"Even though DACA and offshore oil drilling will likely get sorted out at the national level, Floridians have strong opinions on these issues-very supportive of a pathway to citizenship for Dreamers and opposed to opening up offshore oil drilling-and these opinions could very well influence the upcoming senate and gubernatorial elections," noted Binder.


Regarding some policies facing Florida's legislature, 59 percent of respondents strongly or somewhat oppose allowing concealed weapons to be carried on university and college campuses, with 35 percent in support. When asked about removing Florida's home rule, 47 percent strongly or somewhat oppose giving the state government additional power over local government decisions, while 30 percent support it either strongly or somewhat. A majority of respondents, 62 percent, strongly or somewhat support legalizing and regulating recreational marijuana, with 35 percent in opposition.


"This is the third time over the past year we've asked about concealed weapons on college campuses, and the results are remarkably consistent. Voters are opposed to changing the current restrictions, and it will be interesting to see if the legislature listens to their electorate," Binder said. "There is also opposition, though not nearly as strong, in scaling back Florida's home rule, something legislators may want to pay attention to before acting to fundamentally alter governance in Florida."


When asked about the most important problem facing Florida today, the most popular response was education at 20 percent, followed closely by health care, 16 percent, and crime, 15 percent. Out of all respondents, 52 percent either strongly or somewhat approve of the way that the Florida legislature is handling its job, with 33 percent disapproving either strongly or somewhat.

Survey Results

We'd like to get your overall opinion of some people in the news. As I read each name, please say if you have a favorable or unfavorable opinion of that person, or if you've never heard of them.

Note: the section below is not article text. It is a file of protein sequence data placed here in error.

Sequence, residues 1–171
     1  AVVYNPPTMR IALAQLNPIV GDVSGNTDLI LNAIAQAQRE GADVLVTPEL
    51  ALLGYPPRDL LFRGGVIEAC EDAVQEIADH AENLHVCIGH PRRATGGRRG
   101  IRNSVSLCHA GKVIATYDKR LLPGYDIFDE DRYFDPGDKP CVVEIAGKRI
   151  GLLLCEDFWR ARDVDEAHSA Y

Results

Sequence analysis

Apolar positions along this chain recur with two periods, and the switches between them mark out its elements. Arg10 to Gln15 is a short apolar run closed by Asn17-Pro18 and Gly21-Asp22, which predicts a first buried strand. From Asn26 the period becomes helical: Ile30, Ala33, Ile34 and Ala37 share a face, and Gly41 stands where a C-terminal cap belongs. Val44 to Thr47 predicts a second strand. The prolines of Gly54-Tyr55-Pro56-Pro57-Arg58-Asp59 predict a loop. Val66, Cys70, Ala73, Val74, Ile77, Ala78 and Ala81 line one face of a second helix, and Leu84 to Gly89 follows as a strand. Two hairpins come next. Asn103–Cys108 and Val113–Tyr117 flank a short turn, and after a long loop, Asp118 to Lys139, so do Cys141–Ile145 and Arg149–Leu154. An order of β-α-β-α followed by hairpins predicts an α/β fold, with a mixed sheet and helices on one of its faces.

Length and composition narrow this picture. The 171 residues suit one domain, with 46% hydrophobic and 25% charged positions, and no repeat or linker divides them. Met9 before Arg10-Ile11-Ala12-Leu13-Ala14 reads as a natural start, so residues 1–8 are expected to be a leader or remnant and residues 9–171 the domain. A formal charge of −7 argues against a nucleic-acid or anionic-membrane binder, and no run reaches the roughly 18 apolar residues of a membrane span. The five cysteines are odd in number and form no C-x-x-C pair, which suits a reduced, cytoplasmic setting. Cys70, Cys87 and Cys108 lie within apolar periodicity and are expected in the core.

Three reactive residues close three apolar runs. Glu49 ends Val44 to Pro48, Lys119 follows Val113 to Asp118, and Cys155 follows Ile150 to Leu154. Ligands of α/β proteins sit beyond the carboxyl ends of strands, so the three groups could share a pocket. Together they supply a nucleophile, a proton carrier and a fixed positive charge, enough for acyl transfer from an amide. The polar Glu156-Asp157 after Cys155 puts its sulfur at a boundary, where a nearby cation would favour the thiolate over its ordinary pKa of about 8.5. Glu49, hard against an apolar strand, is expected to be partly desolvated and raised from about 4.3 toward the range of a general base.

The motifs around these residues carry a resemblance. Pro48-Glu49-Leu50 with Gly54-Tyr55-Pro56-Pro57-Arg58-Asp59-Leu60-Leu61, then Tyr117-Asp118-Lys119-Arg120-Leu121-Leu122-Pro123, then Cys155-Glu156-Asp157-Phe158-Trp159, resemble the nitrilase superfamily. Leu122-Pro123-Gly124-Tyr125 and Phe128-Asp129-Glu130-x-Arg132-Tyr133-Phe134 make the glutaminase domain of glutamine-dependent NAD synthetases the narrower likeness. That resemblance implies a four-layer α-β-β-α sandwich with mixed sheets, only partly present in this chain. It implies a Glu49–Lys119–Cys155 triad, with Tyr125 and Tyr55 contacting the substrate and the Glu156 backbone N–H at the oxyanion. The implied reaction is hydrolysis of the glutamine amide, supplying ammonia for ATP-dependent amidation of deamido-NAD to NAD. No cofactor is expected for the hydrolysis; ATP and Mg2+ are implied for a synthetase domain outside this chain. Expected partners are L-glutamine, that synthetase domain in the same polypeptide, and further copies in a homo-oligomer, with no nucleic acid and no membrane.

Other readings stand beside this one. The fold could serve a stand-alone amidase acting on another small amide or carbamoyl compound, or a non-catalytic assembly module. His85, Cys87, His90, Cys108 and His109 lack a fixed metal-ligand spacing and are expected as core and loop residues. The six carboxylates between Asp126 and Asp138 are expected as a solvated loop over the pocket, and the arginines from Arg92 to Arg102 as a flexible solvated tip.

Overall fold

Democratic Candidates
Answer Options Andrew Gillum n=619 Gwen Graham n=619 Phillip Levine n=619
Favorable 7% 11% 8%
Unfavorable 4% 4% 5%
Never heard of him/her 81% 78% 73%
Don't Know 8% 6% 12%
Refusal 1% 1% 1%


Democratic Candidates Only Among Democratic Respondents
Answer Options Andrew Gillum n=232 Gwen Graham n=232 Phillip Levine n=232
Favorable 10% 15% 14%
Unfavorable 4% 3% 6%
Never heard of him/her 78% 75% 65%
Don't Know 8% 7% 15%
Refusal 1% <1% <1%


Republican Candidates
Answer Options Richard Corcoran n=619 Ron Desantis n=619 Adam Putnam n=619
Favorable 5% 10% 14%
Unfavorable 6% 5% 7%
Never heard of him/her 78% 72% 67%
Don't Know 11% 12% 11%
Refusal <1% 1% 1%


Republicans Candidates Only Among Republican Respondents
Answer Options Richard Corcoran n=218 Ron Desantis n=218 Adam Putnam n=218
Favorable 6% 14% 22%
Unfavorable 5% 3% 2%
Never heard of him/her 78% 71% 66%
Don't Know 10% 11% 10%
Refusal 1% 1% 1%


Amendment Four, on the statewide ballot for 2018, is called "Voting Rights Restoration for Felons Initiative." This Amendment would restore the voting rights of Floridians with felony convictions after they complete all terms of their sentence including parole or probation. The amendment would not apply to those convicted of murder or sexual offenses. If the election were held today, would you vote "yes" or "no" for this proposition?
Answer Options
February 2018
Florida Registered Voters
Yes 71%
No 22%
Don't Know 6%
Refusal <1%